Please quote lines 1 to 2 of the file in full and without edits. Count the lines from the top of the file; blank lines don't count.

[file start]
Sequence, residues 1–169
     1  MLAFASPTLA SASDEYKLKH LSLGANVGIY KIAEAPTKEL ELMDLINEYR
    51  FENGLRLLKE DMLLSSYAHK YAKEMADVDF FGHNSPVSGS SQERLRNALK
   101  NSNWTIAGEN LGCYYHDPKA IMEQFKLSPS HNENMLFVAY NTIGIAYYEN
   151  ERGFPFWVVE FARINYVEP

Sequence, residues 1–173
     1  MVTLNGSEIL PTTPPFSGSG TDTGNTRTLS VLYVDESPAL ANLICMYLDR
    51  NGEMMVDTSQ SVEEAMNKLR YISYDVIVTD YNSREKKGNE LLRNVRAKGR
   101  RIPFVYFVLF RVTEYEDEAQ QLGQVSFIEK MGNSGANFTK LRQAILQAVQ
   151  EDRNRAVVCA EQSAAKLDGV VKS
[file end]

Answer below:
Sequence, residues 1–169
     1  MLAFASPTLA SASDEYKLKH LSLGANVGIY KIAEAPTKEL ELMDLINEYR